Everyone has heard of the famous Watergate Scandal, an incident so shocking that it would leave its mark on history by making any future political scandal carry the “gate” adage (“Monicagate,” “Troopergate,” “Climategate,” etc.), but last summer Alfred C. Baldwin III, Watergate’s “Shadow Man,” paid SGRA a visit to share his insider’s view of what really happened that night, and tell us of many things that took place which have never fully been brought to light. Having one of the key players of such an iconic conspiracy visit our group for an open discussion was an exciting opportunity, and the story that Mr. Baldwin shared with us did not disappoint.
Mr. Baldwin is a man with a fascinating background and many experiences to discuss, not to mention a local connection as he was born and resides here in Connecticut. He served in the Marines before joining the Federal Bureau of Investigation in Tampa, FL, and then eventually resigned from the FBI and moved back to Connecticut. It was while living back in New Haven, CT, that he was recruited by James W. McCord, a former CIA agent who was then working for the Committee to Re-elect the President (CREEP). McCord would later go on to be one of the burglars arrested during that June 17 break-in. Baldwin was tasked with being the man in a hotel room across from Watergate listening in to the audio from the bugs planted in the DNC.
Most of what people know of the Watergate story comes from the investigative reporting of Washington Post journalists Carl Bernstein and Bob Woodward that was made into the book and movie “All The President’s Men.” But the web of conspiracy connected more events and people in the years prior to the famous break-in than were depicted in that one story. Perhaps one of the most interesting aspects of Watergate is the fact that had it not been for an alert security guard working the late shift who called police to report some suspicious activity taking place, what we know about this moment in history may have been drastically different – and we may never have known at all.
At 1:47am on June 17, 1972, security guard Frank Wills called police to report a burglary in progress at the offices of the Democratic National Committee in the Watergate Hotel in the Foggy Bottom neighborhood Washington, DC. When they arrived police arrested a group of five men who were in the process of placing listening devices so that rival Republicans could learn what was in store during Nixon’s re-election campaign. In room 419 of the Howard Johnson Hotel directly across the street from the Watergate Hotel, Mr. Baldwin was watching the entire incident take place. As the “Shadow Man” it was his job to warn Bernard Barker (one of the burglars) if the police were called, but Barker had turned off his walkie talkie so Baldwin could not reach him. The subsequent questioning of the men is what blew the lid on the Watergate Scandal.
What Baldwin shared with during his visit was that the chronology of events relating to the Watergate Scandal is much more extensive that most people understand. One of the most surprising facts of this is that the break-in which became so famous was in fact not the first one. In May of 1972 eavesdropping devices were planted in the DNC offices, however when some of them stopped working, a second break-in was needed to replace them. That second time was the June 17 incident. The DNC offices were also not the only, or the first, places that the group had planted devices in. The “plumbers group” (so-named because they were tasked with “plugging leaks” in the Nixon Administration) had conducted several other break-ins before.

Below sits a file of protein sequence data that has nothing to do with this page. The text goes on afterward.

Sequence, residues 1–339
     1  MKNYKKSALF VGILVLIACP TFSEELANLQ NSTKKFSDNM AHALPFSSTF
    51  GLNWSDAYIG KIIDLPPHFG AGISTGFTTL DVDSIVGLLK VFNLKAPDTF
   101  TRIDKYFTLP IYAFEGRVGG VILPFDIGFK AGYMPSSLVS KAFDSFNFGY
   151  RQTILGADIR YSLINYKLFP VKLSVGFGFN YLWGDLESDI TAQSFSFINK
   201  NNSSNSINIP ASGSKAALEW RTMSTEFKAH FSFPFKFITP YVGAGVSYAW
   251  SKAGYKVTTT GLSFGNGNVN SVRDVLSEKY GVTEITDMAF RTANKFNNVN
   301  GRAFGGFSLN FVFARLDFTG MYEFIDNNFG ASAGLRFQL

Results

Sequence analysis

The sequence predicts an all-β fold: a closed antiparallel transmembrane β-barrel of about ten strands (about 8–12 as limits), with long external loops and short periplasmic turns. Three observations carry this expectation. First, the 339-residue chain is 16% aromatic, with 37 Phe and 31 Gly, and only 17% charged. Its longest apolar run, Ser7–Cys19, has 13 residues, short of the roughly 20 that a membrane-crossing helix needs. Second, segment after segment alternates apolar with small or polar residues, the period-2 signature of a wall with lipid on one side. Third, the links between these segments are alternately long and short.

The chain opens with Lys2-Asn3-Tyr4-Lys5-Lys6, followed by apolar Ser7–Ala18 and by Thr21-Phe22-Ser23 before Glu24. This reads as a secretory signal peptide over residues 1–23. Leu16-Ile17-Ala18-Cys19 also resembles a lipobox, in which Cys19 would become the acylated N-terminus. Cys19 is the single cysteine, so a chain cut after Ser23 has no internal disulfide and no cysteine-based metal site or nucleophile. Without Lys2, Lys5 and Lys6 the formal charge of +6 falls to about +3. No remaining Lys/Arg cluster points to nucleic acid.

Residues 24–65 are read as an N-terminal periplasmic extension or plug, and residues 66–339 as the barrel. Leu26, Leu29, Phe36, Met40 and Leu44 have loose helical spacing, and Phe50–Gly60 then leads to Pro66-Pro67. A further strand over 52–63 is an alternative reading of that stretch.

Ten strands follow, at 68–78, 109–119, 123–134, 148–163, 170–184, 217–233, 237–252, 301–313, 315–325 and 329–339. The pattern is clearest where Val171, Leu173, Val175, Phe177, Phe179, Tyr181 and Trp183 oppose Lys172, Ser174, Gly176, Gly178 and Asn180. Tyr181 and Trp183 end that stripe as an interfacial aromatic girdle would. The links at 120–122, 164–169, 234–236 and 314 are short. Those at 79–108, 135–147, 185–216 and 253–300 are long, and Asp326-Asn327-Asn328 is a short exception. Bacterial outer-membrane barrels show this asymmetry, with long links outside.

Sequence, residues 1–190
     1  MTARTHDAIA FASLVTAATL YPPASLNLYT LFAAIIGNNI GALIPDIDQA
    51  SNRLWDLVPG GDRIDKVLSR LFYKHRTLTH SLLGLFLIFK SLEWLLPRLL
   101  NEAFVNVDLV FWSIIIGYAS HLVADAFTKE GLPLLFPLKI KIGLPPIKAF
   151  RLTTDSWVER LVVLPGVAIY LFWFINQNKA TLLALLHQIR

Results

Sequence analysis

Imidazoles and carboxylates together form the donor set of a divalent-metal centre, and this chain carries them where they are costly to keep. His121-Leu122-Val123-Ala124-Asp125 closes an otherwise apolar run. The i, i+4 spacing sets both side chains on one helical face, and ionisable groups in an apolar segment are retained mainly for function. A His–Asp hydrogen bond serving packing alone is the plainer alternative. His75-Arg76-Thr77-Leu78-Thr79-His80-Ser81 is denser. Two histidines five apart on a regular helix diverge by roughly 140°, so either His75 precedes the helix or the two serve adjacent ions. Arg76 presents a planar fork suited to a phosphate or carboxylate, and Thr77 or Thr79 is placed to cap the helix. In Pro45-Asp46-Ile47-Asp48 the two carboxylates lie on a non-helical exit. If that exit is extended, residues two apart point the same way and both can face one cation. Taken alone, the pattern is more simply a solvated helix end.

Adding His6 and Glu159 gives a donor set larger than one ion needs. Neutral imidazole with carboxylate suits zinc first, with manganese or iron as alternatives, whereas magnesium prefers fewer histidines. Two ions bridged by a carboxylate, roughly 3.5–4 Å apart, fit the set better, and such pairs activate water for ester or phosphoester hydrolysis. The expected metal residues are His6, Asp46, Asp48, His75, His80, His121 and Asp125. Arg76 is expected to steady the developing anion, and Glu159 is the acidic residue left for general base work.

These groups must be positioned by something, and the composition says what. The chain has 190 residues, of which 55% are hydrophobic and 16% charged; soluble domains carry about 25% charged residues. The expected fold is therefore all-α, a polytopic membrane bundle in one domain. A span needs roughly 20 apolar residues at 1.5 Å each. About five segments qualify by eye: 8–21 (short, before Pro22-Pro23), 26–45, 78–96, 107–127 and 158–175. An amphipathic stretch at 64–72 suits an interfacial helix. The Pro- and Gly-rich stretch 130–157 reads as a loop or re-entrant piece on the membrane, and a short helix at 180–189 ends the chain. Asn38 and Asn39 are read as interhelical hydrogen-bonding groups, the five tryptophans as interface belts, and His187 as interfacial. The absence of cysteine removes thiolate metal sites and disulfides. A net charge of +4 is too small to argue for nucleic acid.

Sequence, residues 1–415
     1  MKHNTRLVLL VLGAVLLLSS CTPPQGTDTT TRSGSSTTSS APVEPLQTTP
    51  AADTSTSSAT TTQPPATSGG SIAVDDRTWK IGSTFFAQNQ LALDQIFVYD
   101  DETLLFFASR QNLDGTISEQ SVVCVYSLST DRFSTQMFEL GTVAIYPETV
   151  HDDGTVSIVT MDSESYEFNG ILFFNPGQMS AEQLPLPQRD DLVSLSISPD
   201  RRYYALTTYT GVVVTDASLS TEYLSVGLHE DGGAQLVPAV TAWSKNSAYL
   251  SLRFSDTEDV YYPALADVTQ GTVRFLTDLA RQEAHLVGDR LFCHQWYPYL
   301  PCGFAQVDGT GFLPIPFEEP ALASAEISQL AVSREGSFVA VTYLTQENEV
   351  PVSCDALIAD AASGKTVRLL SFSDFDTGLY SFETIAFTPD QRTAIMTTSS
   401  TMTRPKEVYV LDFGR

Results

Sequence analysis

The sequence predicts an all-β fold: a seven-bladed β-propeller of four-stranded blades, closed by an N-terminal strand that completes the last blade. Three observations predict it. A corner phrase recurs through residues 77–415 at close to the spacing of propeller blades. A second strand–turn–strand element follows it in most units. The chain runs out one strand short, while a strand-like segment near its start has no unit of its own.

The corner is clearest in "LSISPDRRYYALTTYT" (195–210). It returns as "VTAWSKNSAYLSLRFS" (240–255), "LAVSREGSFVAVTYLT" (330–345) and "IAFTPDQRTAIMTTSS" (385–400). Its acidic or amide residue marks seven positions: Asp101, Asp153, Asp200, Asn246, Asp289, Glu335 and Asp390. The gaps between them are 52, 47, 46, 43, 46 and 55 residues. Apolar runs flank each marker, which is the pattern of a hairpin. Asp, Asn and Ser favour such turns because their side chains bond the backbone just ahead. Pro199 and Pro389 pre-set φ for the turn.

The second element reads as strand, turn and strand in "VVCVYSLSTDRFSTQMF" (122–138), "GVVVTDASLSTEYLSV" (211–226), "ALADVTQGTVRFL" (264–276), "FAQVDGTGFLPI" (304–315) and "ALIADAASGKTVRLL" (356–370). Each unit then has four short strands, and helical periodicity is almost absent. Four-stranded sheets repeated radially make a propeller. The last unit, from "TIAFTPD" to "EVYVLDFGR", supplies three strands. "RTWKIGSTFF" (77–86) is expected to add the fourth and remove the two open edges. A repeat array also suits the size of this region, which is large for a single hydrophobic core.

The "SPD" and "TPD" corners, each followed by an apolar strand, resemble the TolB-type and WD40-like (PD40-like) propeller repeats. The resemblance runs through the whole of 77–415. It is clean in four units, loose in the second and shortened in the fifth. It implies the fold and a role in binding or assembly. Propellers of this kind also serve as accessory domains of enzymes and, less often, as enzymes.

As with so many conspiracies and scandals, those involved were quick to deny any connection, which would only prove to hurt their reputations even more when it was learned what involvement they actually had. In the case of the Watergate break-in, most of those who knew about it within in the Nixon Administration simply assumed that no one would ever trace it back to them, so little was done to cover it up. The FBI investigation of the break-in took months, and at the same time Washington Post reporters Woodward and Bernstein were hot on the trail every moment. It wasn’t until October of 1972 that the FBI finally realized that the break-in at the Watergate Hotel had been authorized by the Nixon Administration, and indeed President Nixon himself.
Despite all of this, Nixon still overwhelmingly won his reelection, and for a while it seemed that the links would never reach to him. But by April of 1972 the scandal had rocked the foundations of the Administration, leading to the resignation of White House staffers H.R. Haldeman and John Ehrlichman as well as Attorney General Richard Kleindienst, and in May of that year the Senate began to investigate how far the Watergate web reached. As evidence mounted, the scandal spread, and more people were found to be connected, things grew too great for Nixon to avoid. Finally, on August 8, 1974 Nixon became the first president to resign from office.
So as we mark the 40th anniversary of this famous political scandal it serves as a reminder to both researchers as well as the public to remember that things are never as they seem on the surface. And that even something which appears as uninteresting as a break-in at an office can turn out connect all the way to the highest office in the country, and bring down the very person who sits in that Oval Office.